Walpole Bay Tidal Pool


Heritage Category:
Listed Building
List Entry Number:
Date first listed:
Location Description:
Walpole Bay Tidal Pool, Cliftonville, Margate, Kent. CT9 3AB


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The building or site itself may lie within the boundary of more than one authority.

Location Description:
Walpole Bay Tidal Pool, Cliftonville, Margate, Kent. CT9 3AB
Thanet (District Authority)
Non Civil Parish
National Grid Reference:


A tidal sea bathing pool built in 1937.

Reasons for Designation

Walpole Bay Tidal Pool, one of two tidal pools designed by Margate's borough engineer in 1937, constructed in concrete blocks reinforced by reused iron tram rails, is listed at Grade II for the following principal reasons: * Structural engineering interest: an ambitious project because of its scale, the weight of each concrete block, and that work needing to be carried out day and night because of the tides; * Scale and design: impressive in scale and shape, occupying 4 acres and three sides of a rectangle, the sides 450 feet long diminishing towards the seaward end which was 300 feet long; * Social historical interest: provided an improvement to sea bathing at the period of the greatest popularity of the English seaside; * Degree of intactness: intact apart from the loss of the two diving boards which do not often survive; * Group value: situated quite near the remains of the 1824-6 Clifton Baths (Grade II), an 1935 lift and the other 1937 tidal pool.


Walpole Bay Tidal Pool was built in 1937, one of two tidal pools constructed at the same time in Margate, the other at Marine Terrace opposite Cliftonville Lido. Both were constructed in order to make it possible for large numbers of people to bathe in the sea at all states of the tide because, owing to the gradual slope of the beach and the considerable tidal range, low water mark at spring tides could be as far as 300 yards from the promenades.

This tidal pool was designed by E A Borg, Borough Engineer of Margate but executed with modifications under his successor W L Armstrong using direct labour. It enclosed the foreshore with two side walls and an end wall on the seaward side with the natural chalk beach used as the floor of the pool, the slope giving a maximum depth at the seaward end of 6 feet 6 inches. The walls were built of interlocking concrete blocks, each about one ton in weight, with old tram rails concreted into the walls at intervals of 12ft, fixed in position by hand cranes. The work was carried out day and night to take advantage of every tide because at Walpole Bay it was never possible to work on the outer wall more than a few spring tides each month, as the neap tides never leave this position.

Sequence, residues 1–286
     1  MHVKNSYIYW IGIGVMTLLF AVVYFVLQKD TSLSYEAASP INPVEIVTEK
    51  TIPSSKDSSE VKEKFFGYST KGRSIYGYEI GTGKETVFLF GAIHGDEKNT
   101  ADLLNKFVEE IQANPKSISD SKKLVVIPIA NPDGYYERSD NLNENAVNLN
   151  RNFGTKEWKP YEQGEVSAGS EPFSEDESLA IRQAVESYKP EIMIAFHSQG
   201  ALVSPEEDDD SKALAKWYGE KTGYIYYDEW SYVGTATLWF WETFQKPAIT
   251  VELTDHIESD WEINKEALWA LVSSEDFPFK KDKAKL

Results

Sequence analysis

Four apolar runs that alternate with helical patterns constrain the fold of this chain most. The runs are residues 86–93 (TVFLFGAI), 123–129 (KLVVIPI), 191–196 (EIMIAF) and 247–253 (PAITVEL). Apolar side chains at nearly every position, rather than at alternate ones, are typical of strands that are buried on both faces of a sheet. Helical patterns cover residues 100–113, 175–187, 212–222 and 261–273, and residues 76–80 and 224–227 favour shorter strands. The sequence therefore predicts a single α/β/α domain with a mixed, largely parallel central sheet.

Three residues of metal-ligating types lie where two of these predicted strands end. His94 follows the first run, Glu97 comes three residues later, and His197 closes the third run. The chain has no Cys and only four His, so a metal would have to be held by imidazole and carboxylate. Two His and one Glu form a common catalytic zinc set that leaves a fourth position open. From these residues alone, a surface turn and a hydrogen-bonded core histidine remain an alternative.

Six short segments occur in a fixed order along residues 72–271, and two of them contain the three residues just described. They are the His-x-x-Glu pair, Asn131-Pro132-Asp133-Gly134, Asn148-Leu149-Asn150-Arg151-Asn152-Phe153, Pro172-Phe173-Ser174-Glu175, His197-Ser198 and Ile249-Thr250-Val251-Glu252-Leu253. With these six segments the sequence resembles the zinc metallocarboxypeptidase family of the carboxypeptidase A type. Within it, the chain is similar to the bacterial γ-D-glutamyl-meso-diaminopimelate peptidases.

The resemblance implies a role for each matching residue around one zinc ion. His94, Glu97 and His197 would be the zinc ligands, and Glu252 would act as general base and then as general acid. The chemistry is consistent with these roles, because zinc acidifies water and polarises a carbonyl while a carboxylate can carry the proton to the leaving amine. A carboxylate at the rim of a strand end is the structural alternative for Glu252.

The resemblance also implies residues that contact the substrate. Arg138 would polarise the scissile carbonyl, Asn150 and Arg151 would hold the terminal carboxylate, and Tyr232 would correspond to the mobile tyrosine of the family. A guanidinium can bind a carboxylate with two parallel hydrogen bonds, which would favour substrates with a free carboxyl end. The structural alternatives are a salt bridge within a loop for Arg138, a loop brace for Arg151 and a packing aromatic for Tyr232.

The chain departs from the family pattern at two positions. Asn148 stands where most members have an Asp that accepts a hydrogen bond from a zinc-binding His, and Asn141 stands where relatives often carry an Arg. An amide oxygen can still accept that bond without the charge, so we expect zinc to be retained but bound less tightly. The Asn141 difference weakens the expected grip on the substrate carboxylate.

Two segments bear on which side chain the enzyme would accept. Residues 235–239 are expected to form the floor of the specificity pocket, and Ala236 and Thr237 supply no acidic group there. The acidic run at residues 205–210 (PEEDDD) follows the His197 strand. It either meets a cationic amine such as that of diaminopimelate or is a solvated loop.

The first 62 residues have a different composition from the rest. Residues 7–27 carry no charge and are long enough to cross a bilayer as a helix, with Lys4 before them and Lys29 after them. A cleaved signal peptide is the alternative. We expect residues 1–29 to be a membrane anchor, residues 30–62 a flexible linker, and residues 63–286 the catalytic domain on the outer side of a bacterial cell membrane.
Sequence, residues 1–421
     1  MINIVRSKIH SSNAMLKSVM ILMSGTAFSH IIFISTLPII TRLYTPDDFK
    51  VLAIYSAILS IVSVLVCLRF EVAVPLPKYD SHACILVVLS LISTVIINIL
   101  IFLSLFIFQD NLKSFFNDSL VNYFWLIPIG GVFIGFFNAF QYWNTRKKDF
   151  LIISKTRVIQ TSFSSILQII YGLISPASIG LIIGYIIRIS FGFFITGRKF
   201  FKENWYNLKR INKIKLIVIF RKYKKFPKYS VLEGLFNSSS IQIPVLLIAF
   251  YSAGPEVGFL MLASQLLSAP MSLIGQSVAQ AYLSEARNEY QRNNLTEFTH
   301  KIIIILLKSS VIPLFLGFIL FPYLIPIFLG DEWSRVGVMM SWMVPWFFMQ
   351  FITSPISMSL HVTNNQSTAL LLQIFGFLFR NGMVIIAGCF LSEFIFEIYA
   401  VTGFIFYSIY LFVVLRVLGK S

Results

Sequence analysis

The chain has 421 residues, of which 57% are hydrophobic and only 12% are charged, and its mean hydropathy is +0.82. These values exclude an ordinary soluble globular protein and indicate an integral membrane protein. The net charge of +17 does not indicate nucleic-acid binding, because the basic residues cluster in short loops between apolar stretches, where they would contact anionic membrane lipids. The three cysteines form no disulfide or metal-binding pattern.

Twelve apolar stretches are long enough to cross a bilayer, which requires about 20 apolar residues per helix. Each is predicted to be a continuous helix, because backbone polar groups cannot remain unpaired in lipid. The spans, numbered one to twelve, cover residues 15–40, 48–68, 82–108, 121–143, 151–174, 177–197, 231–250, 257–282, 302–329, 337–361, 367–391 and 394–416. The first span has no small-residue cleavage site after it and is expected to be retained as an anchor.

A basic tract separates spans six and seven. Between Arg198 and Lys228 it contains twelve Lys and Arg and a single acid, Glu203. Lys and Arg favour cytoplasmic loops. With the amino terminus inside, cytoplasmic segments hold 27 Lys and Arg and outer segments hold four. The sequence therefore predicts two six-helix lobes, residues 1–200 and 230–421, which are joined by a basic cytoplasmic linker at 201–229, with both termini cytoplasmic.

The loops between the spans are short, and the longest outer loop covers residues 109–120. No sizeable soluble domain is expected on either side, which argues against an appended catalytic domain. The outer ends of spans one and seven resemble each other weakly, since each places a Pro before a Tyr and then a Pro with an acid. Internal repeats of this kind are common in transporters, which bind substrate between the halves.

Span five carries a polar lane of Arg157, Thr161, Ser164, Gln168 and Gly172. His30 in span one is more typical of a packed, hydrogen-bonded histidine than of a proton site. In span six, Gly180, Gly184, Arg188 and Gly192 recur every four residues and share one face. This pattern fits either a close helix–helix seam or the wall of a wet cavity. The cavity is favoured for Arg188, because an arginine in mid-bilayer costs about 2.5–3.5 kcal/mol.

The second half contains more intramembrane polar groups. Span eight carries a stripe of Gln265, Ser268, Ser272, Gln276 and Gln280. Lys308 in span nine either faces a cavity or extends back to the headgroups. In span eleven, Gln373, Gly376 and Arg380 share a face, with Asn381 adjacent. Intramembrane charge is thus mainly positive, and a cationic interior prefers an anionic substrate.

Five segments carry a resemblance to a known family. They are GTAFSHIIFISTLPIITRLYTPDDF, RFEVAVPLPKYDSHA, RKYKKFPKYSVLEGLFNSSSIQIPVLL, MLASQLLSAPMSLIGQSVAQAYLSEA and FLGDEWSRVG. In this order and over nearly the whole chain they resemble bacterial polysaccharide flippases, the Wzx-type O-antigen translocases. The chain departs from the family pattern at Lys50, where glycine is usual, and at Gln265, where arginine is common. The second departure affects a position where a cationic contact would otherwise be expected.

The pool covers over four acres and its dimensions are 450ft long, 300ft wide at the seaward end and 550ft long at the landward end. It cost circa £7,000. The top level of the wall was arranged so that the pool was completely submerged at every tide, ensuring a sufficient change-over of sea water twice a day. Fresh water springs rise from the beach within the walls providing fresh water from the floor of the pool. Originally two diving boards were provided.


A tidal sea bathing pool built in 1937. Designed by E A Borg, Borough Engineer but constructed with modifications by his successor W L Armstrong using direct labour.

MATERIALS: built of interlocking concrete blocks with old iron tram rails concreted in at intervals of 12ft.

PLAN: three sides of a rectangle, longer at the landward side where there is no wall. There is a break near the landward side of the western wall. The dimensions are 450ft at the sides, 300ft at the seaward side and 550ft at the landward end.

DESCRIPTION: built of interlocking concrete block walls with concealed iron tram rails running about 5ft deep into the chalk foundation and up to within one foot of the top of the wall. The wall is two or three feet wide, about two or three feet deep at the landward side but increases in depth towards the seaward end to enclose a pool about seven feet high at this end. There are two-foot wide overflows in the top course six inches below the top of the wall so the top water line is always six inches below the top. There are four flights of steps with iron handrails and three penstocks are fitted in the outer walls in order to empty the pool, which took about two hours.


This building is listed under the Planning (Listed Buildings and Conservation Areas) Act 1990 as amended for its special architectural or historic interest.

End of official listing

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